WP-CLI with Docker
Two articles ago we looked at using WordPress in Docker, and before that, we covered Docker compose. Today, we’ll give a brief overview of using WP-CLI in Docker.
I’m assuming that there’s no need to introduce WP-CLI to WordPress developers. It’s the principal tool for serious professional WordPress developers—a command line interface for WordPress. Instead of installing, updating, and editing things using the WordPress GUI, you can do it all using WP-CLI. If you are running automation tests in WordPress (and yes, you really should be checking the code you write for WordPress) then WP-CLI is essential.
How do we work with WP-CLI in Docker? We actually don’t just install it on our local machine but rather use it as a part of a container. Simple and easy as could be. To do this, first we need to use this docker-compose:
version: '3.1' services: wordpress: image: wordpress restart: always ports: - 8080:80 environment: WORDPRESS_DB_HOST: db WORDPRESS_DB_USER: exampleuser WORDPRESS_DB_PASSWORD: examplepass WORDPRESS_DB_NAME: exampledb # Keep your data volumes: - ./site:/var/www/html/ cli: image: wordpress:cli volumes: - ./site:/var/www/html/ db: image: mysql:5.7 restart: always environment: MYSQL_DATABASE: exampledb MYSQL_USER: exampleuser MYSQL_PASSWORD: examplepass MYSQL_RANDOM_ROOT_PASSWORD: '1' # Keep your data volumes: - ./db:/var/lib/mysql
If this looks like Chinese to you, you should probably check out our articles on Docker compose in this series. But for those of you who read the previous articles and know what’s going on here, you’ll notice that the main change is the addition of a container called cli:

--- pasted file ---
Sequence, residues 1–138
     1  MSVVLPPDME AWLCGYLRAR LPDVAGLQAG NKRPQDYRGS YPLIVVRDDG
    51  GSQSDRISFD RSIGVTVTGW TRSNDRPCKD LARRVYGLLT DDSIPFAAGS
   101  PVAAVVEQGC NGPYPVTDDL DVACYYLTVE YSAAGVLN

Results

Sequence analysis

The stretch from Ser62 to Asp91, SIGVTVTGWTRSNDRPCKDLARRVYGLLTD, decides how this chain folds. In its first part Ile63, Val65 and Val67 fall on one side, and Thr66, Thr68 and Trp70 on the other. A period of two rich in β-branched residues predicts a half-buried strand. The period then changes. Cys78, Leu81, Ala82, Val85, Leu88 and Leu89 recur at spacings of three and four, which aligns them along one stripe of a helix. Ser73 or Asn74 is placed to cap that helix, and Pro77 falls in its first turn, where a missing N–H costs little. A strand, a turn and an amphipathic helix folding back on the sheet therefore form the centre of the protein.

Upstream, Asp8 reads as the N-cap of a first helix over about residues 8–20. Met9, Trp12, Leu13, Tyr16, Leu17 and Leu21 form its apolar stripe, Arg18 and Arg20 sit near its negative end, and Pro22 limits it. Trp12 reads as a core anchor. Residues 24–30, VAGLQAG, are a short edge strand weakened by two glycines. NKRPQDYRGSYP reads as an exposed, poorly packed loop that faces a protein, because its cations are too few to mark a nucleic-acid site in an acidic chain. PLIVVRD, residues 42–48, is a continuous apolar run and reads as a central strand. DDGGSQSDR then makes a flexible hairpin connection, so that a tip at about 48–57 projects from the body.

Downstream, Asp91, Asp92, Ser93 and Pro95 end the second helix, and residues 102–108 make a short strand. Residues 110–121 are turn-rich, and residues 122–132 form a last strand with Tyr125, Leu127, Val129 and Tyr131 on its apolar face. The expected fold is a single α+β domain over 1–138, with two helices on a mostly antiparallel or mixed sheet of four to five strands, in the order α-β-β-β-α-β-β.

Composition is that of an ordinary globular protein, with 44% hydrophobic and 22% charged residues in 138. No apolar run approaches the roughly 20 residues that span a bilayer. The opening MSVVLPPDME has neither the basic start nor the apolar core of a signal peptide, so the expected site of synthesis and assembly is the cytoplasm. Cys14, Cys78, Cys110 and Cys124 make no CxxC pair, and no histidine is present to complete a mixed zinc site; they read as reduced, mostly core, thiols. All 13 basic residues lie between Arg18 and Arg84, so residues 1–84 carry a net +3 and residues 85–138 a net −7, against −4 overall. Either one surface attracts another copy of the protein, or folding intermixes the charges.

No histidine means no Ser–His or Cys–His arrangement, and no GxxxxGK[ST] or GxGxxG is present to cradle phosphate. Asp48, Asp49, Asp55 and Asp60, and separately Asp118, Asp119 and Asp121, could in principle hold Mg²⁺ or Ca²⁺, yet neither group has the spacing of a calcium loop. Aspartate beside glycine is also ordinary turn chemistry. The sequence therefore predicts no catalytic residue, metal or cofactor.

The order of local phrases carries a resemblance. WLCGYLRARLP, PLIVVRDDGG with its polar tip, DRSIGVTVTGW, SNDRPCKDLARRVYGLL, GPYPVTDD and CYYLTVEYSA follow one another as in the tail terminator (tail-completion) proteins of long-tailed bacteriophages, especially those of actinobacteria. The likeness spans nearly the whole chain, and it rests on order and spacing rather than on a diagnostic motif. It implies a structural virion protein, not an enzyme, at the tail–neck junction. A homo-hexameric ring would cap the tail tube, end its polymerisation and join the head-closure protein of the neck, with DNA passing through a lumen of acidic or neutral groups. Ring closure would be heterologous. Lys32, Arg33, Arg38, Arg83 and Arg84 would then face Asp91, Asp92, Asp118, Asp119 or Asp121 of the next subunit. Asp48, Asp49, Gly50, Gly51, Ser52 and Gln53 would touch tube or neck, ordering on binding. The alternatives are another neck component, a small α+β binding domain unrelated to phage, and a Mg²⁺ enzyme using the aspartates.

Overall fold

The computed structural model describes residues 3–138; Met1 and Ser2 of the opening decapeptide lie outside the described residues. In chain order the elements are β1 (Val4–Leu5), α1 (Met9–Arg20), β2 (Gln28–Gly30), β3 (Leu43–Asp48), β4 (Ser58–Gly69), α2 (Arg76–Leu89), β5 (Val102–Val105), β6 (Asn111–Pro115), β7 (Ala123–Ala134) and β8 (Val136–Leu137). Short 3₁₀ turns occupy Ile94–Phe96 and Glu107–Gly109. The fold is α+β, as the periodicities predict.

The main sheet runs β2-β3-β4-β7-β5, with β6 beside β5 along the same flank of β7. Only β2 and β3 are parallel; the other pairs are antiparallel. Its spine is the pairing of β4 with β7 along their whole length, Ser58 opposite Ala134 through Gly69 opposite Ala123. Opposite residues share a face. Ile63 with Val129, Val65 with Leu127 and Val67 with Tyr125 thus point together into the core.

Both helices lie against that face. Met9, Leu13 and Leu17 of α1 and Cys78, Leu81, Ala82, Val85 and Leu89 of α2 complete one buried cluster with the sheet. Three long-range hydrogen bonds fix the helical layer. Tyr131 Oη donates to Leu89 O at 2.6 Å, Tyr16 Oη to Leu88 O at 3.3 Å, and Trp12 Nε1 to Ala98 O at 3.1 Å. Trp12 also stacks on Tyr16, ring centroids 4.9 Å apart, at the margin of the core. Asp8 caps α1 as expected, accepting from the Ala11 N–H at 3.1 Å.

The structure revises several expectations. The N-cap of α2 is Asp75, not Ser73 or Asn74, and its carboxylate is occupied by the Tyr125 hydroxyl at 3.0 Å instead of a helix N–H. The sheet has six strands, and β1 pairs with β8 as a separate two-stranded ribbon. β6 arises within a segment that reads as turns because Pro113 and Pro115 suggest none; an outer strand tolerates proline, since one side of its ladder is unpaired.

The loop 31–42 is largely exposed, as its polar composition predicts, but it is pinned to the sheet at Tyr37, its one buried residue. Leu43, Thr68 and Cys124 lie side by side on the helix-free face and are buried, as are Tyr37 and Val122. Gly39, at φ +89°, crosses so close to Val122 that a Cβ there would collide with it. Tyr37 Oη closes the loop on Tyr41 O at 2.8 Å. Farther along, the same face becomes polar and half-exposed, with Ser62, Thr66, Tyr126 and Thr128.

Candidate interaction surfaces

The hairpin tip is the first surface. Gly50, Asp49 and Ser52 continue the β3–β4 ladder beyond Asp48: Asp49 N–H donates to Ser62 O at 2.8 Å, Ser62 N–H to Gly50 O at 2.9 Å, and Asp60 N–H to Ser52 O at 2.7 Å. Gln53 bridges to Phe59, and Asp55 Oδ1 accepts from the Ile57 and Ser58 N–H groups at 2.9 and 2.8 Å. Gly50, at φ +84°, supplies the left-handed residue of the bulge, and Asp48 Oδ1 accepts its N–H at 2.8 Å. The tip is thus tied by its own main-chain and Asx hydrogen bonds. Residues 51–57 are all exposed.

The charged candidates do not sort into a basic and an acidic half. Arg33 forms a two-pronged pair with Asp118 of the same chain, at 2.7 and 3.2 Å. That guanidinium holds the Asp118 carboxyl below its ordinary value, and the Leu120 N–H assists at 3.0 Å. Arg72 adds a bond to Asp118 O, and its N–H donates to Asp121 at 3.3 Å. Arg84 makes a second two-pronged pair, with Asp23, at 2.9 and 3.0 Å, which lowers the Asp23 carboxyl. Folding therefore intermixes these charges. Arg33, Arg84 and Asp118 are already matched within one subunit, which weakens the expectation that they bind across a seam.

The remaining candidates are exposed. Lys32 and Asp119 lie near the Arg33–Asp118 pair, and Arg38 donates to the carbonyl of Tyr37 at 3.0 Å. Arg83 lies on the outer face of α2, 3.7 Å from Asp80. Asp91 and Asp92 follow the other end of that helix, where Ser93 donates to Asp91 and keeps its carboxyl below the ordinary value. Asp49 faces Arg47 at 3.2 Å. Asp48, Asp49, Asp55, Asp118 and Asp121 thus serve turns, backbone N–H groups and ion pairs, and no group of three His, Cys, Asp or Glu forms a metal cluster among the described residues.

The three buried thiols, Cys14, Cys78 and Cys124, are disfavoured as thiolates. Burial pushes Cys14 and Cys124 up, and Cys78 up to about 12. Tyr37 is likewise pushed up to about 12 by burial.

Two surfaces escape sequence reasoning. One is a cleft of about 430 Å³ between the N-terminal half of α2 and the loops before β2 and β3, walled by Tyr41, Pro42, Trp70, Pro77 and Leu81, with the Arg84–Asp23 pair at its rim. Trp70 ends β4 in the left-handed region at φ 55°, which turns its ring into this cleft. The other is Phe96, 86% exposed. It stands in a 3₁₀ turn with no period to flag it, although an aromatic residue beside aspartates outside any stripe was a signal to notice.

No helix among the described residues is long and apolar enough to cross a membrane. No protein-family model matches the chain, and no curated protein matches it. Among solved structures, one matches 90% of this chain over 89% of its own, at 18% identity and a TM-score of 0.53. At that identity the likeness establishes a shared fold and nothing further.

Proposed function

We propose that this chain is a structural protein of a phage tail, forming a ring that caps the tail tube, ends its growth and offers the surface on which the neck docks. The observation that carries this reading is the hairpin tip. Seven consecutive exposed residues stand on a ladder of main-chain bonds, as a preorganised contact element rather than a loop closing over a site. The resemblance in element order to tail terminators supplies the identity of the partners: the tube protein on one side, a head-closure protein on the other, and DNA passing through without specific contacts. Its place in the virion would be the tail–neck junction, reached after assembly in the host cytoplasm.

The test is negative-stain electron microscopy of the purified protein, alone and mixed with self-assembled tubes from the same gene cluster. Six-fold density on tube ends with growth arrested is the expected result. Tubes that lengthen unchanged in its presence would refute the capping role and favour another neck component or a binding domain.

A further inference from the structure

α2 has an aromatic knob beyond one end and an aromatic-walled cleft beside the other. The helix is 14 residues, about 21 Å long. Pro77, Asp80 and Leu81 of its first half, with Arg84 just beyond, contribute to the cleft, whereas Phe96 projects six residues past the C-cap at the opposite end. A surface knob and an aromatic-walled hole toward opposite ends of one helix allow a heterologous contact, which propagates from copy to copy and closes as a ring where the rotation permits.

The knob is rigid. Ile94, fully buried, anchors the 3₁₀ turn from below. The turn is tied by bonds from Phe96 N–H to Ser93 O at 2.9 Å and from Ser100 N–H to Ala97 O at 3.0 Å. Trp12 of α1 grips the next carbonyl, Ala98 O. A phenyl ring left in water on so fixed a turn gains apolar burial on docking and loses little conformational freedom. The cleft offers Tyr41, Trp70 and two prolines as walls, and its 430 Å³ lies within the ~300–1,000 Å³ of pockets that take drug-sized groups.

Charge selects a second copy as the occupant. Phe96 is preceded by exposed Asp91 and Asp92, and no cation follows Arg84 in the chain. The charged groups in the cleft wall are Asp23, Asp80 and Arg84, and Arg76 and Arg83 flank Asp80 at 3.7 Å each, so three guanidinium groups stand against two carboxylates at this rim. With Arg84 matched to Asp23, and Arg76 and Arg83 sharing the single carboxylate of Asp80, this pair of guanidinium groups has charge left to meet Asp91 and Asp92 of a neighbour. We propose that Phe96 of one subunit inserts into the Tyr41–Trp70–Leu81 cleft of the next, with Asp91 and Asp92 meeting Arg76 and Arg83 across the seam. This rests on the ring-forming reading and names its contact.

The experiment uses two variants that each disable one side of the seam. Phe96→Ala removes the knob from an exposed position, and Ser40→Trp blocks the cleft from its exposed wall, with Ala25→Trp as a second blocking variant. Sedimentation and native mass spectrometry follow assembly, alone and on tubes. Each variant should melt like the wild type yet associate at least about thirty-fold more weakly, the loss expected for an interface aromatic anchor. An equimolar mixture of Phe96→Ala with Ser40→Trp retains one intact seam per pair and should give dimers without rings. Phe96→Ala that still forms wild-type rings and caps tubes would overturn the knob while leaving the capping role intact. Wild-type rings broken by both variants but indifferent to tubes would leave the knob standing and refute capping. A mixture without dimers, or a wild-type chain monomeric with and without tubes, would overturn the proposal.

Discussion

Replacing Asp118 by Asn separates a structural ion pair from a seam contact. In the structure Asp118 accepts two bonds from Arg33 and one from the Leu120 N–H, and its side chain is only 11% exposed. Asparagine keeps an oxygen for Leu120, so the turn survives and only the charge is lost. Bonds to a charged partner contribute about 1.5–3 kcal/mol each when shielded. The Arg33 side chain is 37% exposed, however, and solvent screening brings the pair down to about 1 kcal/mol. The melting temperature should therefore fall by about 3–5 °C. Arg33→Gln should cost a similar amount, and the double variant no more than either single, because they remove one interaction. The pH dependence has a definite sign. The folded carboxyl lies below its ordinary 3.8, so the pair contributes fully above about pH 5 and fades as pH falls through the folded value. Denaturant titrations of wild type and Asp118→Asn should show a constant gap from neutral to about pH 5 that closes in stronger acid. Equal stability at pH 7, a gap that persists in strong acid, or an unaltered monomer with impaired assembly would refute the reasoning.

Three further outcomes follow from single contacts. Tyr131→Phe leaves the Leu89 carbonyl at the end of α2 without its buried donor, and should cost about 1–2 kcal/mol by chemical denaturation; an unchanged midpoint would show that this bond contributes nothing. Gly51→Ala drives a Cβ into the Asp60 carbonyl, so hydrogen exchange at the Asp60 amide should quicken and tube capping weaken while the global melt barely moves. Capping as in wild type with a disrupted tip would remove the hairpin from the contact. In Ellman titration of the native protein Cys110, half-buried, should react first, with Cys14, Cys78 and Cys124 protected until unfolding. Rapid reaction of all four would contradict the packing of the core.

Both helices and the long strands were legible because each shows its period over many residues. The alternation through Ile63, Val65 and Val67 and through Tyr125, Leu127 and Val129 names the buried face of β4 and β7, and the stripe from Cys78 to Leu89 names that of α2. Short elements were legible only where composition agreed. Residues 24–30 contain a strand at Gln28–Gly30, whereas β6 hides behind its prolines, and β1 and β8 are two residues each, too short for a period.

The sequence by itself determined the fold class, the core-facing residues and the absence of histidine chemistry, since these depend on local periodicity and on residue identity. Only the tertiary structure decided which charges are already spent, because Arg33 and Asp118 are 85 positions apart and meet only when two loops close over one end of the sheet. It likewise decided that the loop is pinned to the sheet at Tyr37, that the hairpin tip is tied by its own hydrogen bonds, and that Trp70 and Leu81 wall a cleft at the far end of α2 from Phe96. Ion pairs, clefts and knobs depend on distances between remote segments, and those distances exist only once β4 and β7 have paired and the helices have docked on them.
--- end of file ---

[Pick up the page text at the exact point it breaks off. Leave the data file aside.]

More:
cli: image: wordpress:cli volumes: - ./site:/var/www/html/
After we save the docker-compose file in its folder, we run it with the following command:
docker-compose up -d
Once the site is up and running on our machine’s IP on port 8080, we can run:
docker-compose run --rm cli bash
This will take us to a container that has WP-CLI in it and is connected to our local machine. All we have to do is navigate to the directory where WordPress is found (which you can find in docker-compose) and then run WP-CLI:
And that’s how it looks! Easy as pie! If you were successful in running it, give yourself a pat on the shoulder. You just ran docker-compose with three, count ‘em three containers. You’re getting pretty advanced here!
About the author: Ran Bar-Zik is an experienced web developer whose personal blog, Internet Israel, features articles and guides on Node.js, MongoDB, Git, SASS, jQuery, HTML 5, MySQL, and more. Translation of the original article by Aaron Raizen.